2. It’s encouraging that you wanted more of what you saw. At least what was there was good.

  3. This book looks so good to me. Thanks for letting me know my expectations might be too high!

  4. This book looks so good to me. Thanks for letting me know my expectations might be too high!

  5. Since you enjoy reading books set in Ireland, I have a couple suggestions for you, if you haven’t alread read them. The novels of Kate Horsley are historical fiction with a bit of myth/legend mixed in – my comments on one of those books, The Changeling of Finnistuath, is here if you’re interested, and The Mermaids Singing by Lisa Carey is a lovely story of mothers and daughters.

  6. Since you enjoy reading books set in Ireland, I have a couple suggestions for you, if you haven’t alread read them. The novels of Kate Horsley are historical fiction with a bit of myth/legend mixed in – my comments on one of those books, The Changeling of Finnistuath, is here if you’re interested, and The Mermaids Singing by Lisa Carey is a lovely story of mothers and daughters.

  7. I am absolutely reading this one (have it here waiting), but I already learned from my lace friends that this wasn’t going to be the best book ever. Still, any book with lacemaking in the title is a must-read for me.

  8. I am absolutely reading this one (have it here waiting), but I already learned from my lace friends that this wasn’t going to be the best book ever. Still, any book with lacemaking in the title is a must-read for me.

  9. I haven’t yet read this, but I’ll keep your comments in mind when I do.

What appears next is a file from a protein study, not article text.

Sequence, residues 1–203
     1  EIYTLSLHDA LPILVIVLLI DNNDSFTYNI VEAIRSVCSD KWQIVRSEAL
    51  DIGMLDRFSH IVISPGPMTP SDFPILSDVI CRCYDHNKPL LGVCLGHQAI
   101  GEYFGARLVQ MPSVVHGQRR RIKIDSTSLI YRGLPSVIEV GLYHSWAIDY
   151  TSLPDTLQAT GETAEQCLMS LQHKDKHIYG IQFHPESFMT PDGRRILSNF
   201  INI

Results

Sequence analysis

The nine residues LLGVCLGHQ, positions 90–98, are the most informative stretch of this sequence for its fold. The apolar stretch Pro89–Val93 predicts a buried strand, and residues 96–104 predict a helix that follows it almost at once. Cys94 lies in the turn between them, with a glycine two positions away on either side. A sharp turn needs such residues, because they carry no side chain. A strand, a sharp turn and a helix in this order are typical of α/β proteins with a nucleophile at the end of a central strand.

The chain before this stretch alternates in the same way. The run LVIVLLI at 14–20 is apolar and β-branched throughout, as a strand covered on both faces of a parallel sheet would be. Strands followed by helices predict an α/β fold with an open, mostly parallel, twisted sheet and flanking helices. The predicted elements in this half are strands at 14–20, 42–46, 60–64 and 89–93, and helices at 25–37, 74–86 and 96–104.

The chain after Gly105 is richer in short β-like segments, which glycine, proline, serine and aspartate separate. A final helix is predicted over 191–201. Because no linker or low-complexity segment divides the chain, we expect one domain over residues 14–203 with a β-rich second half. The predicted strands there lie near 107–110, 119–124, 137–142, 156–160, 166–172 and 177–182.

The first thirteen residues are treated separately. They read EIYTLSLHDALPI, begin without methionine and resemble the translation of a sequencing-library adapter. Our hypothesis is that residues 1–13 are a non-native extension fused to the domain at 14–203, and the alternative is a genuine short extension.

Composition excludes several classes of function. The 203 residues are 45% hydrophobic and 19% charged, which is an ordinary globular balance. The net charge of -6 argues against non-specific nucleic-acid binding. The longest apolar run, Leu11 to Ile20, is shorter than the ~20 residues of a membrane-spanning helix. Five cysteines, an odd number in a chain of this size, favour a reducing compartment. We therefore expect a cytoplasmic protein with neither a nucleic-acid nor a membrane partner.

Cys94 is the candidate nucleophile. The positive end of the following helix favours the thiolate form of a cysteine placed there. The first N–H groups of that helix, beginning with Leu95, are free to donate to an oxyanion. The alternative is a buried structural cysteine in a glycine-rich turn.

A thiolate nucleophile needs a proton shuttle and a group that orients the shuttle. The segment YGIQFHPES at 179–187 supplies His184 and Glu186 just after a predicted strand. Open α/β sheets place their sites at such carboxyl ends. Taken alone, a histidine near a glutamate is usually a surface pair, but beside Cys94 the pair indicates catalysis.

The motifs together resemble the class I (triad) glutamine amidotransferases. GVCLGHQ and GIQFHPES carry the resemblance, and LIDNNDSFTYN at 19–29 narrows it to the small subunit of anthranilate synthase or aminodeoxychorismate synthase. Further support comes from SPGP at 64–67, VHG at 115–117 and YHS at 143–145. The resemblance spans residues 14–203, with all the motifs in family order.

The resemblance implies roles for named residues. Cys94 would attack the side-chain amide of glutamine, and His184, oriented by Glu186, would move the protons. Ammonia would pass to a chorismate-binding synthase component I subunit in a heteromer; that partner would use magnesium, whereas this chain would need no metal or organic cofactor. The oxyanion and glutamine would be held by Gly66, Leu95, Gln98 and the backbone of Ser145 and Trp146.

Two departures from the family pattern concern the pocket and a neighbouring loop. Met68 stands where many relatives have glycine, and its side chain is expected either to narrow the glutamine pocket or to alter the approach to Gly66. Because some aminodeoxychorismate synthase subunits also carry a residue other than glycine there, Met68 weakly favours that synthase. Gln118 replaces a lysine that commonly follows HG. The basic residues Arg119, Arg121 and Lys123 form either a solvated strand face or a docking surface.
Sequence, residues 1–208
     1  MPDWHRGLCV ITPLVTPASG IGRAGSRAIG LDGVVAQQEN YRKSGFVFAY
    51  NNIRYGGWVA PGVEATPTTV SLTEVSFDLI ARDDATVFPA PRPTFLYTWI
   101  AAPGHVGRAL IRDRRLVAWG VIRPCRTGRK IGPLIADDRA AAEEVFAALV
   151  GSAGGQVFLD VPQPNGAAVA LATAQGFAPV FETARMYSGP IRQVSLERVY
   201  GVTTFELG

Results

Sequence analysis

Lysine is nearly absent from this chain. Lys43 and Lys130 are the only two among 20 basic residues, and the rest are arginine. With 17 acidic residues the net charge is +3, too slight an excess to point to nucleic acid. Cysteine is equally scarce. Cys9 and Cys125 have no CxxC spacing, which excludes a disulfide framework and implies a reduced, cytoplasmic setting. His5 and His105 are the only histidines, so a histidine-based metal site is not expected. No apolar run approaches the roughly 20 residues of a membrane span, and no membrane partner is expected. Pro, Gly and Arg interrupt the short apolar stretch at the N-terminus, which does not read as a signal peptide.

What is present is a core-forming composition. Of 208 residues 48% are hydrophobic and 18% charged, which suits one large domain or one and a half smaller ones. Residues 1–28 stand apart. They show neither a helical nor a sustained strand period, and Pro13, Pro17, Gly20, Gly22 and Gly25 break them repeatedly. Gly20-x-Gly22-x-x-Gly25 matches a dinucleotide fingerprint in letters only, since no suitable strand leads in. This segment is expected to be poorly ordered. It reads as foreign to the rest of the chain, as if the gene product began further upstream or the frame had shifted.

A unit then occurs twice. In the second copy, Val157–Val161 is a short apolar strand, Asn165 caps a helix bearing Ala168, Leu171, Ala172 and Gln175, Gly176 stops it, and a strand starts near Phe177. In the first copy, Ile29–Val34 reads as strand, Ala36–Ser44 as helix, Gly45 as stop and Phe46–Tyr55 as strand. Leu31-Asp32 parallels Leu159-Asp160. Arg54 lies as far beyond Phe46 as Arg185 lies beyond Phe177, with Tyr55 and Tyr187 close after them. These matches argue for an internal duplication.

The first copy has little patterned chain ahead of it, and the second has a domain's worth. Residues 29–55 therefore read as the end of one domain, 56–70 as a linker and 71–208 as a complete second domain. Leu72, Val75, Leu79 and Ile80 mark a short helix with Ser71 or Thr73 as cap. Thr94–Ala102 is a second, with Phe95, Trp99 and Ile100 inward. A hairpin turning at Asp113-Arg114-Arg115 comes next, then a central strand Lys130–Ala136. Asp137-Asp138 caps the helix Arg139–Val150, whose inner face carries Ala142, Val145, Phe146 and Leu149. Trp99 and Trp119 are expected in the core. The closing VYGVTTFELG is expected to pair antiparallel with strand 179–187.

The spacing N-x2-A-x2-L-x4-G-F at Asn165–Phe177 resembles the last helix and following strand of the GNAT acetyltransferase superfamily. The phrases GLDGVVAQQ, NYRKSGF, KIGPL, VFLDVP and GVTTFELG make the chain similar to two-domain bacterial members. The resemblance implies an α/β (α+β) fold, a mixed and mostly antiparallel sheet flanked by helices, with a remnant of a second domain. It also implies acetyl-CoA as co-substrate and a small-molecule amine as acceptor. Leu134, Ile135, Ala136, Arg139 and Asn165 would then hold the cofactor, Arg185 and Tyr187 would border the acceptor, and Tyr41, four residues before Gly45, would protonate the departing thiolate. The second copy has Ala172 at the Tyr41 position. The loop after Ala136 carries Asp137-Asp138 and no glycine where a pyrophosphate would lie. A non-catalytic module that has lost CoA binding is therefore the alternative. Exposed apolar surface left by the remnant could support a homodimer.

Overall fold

Lately I’ve been frustrated with good stories that force a love story; I suppose you’re right, it’s often expected, so the author puts it in.

  10. I haven’t yet read this, but I’ll keep your comments in mind when I do.

    Lately I’ve been frustrated with good stories that force a love story; I suppose you’re right, it’s often expected, so the author puts it in.

  11. It sounds like the author has loads of potential if you wanted more from her.

  12. It sounds like the author has loads of potential if you wanted more from her.

  13. Your review makes me glad that I am just getting this from the library and didn’t buy it.

  14. Your review makes me glad that I am just getting this from the library and didn’t buy it.

  15. Since I love Ireland books too, I’d probably still try it, just maybe not buy it 🙂 Thanks for the heads up!

  16. Since I love Ireland books too, I’d probably still try it, just maybe not buy it 🙂 Thanks for the heads up!

  17. This one’s in my pile, and I’m looking forward to reading it. I appreciate your honest take on it, and your review gives me some things to think about when I pick up the book.

    –Anna
    Diary of an Eccentric

  18. This one’s in my pile, and I’m looking forward to reading it. I appreciate your honest take on it, and your review gives me some things to think about when I pick up the book.

    –Anna
    Diary of an Eccentric

  19. I have this book and have been wanting to read it for months. However, I’ve read a few reviews similar to yours and I’m a little hesitant now. I think I’ll like it but maybe my expectations have been lowered.

  20. I have this book and have been wanting to read it for months. However, I’ve read a few reviews similar to yours and I’m a little hesitant now. I think I’ll like it but maybe my expectations have been lowered.

  21. I have this one coming up soon, so I was curious to see what you think. Meghan felt the same way about wanting more. I’m hoping to enjoy the Irish-ness of it.

  22. I have this one coming up soon, so I was curious to see what you think. Meghan felt the same way about wanting more. I’m hoping to enjoy the Irish-ness of it.